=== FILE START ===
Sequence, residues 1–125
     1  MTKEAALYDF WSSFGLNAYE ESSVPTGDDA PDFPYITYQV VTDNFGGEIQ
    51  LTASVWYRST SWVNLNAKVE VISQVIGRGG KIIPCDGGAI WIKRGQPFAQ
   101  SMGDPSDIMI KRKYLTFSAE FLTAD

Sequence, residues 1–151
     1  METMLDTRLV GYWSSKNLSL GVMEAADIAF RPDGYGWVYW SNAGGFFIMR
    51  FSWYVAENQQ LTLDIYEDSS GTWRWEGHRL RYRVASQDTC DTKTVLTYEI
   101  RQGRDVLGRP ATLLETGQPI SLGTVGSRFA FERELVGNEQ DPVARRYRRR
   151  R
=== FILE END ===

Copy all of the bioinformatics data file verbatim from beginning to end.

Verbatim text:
Sequence, residues 1–125
     1  MTKEAALYDF WSSFGLNAYE ESSVPTGDDA PDFPYITYQV VTDNFGGEIQ
    51  LTASVWYRST SWVNLNAKVE VISQVIGRGG KIIPCDGGAI WIKRGQPFAQ
   101  SMGDPSDIMI KRKYLTFSAE FLTAD

Sequence, residues 1–151
     1  METMLDTRLV GYWSSKNLSL GVMEAADIAF RPDGYGWVYW SNAGGFFIMR
    51  FSWYVAENQQ LTLDIYEDSS GTWRWEGHRL RYRVASQDTC DTKTVLTYEI
   101  RQGRDVLGRP ATLLETGQPI SLGTVGSRFA FERELVGNEQ DPVARRYRRR
   151  R